August marks the anniversary once again of the late Ignacio Sanchez Mejias. Writer, poet, intellectual, brother-in-law to the Gallos and a matador de toros, Mejias died from the effects of gangrene following a leg wound. His death was the focal point of the poem, Lament For Ignacio Sanchez Mejias by Lorca.
As a torero, Mejias was especially known for his work with the banderillas and the placing of the sticks el quiebro.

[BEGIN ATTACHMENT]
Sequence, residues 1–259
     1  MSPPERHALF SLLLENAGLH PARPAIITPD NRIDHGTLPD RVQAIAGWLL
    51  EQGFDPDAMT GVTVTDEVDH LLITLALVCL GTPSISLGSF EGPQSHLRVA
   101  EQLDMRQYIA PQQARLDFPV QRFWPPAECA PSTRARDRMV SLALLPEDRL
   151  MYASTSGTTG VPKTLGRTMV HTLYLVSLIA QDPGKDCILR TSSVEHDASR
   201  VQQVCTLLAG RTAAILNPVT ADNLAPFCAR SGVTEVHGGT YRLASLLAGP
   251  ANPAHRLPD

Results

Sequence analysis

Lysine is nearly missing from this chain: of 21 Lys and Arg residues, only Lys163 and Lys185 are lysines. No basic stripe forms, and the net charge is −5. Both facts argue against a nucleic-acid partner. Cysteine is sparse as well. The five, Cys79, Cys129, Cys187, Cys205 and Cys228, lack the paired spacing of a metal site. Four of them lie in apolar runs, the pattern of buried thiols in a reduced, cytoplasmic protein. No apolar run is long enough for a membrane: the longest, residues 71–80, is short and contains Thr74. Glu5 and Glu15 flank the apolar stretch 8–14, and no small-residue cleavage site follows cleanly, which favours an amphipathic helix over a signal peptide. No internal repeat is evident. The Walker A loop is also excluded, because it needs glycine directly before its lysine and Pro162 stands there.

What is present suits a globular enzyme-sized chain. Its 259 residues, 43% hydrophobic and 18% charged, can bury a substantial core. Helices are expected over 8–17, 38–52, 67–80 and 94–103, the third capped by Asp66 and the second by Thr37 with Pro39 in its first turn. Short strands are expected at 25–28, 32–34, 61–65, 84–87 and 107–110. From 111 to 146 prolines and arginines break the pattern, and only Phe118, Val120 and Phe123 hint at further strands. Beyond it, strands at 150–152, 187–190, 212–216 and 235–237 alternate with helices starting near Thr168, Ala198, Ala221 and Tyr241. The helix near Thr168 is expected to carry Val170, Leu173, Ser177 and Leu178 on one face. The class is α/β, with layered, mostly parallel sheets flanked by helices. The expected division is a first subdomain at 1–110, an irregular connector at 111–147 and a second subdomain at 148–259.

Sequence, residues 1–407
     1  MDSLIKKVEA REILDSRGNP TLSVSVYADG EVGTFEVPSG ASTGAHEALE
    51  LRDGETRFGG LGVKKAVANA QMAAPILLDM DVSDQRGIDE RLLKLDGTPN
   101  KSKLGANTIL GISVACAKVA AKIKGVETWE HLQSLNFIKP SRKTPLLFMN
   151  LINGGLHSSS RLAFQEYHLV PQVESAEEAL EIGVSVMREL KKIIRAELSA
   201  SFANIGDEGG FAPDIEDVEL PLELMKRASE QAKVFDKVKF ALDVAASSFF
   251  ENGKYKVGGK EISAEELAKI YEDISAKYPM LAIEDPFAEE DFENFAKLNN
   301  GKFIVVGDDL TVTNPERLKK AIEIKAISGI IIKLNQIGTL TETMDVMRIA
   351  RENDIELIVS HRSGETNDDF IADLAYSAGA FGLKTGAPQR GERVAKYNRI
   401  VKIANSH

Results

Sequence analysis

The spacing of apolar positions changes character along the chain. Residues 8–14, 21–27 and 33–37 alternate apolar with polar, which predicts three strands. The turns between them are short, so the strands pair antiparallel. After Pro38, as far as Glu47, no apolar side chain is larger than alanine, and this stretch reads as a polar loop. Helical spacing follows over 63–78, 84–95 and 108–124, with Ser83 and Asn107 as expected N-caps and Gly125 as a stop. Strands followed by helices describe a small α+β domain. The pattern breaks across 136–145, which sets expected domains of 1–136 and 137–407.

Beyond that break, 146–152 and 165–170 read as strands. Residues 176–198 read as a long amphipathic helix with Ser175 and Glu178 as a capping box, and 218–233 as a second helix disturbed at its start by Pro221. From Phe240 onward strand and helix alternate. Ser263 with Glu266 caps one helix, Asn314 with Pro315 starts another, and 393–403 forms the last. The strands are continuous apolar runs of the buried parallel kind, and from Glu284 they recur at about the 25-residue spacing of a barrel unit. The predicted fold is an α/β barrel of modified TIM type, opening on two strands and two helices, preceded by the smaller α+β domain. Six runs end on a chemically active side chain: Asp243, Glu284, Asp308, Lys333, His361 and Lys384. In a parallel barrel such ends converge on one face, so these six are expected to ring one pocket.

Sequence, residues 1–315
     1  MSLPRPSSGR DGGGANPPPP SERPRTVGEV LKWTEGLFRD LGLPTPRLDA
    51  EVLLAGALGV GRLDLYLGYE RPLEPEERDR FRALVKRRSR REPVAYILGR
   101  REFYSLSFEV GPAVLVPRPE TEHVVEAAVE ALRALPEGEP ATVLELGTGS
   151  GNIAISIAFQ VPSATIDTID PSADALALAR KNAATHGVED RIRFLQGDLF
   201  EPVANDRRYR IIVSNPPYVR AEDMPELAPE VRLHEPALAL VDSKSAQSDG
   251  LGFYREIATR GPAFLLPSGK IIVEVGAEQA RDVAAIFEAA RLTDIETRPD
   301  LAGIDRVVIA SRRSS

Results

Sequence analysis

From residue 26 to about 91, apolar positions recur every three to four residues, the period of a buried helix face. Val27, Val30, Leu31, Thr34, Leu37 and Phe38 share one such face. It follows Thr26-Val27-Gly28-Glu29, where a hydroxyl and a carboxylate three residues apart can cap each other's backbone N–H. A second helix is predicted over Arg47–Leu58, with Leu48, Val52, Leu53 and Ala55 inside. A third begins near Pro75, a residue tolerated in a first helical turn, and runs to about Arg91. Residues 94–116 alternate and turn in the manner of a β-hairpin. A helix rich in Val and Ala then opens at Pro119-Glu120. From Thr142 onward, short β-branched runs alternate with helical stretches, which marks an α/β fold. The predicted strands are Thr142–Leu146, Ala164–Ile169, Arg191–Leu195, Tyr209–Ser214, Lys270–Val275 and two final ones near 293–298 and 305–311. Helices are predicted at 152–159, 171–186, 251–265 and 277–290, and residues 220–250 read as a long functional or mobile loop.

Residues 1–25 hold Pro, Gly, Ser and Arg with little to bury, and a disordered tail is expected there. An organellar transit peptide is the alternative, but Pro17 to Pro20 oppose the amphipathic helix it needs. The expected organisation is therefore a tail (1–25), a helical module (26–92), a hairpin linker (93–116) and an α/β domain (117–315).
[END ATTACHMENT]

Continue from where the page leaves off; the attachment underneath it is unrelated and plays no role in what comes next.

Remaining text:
He was also reputed for extreme valor with both the capote and muleta, marking his work with adornos that could rival those of his brother-in-law, Joselito.
His lone flaw as a torero was the fact he was not always reliable with the kill.
Mejias died following a goring in Manzanares, where he was caught and pinned against the fence while doing a kneeling pass with the muleta, sitting on the wood stirrup surrounding the ring.
The goring in itself should not have been fatal and had it happened in modern times he would have been out for only a few weeks before being back in action. In his day, such antibiotics were not available. Thus, infection set in, which became gangrene and resulted in his death.
Mejias rests in the San Fernando cemetery in Sevilla.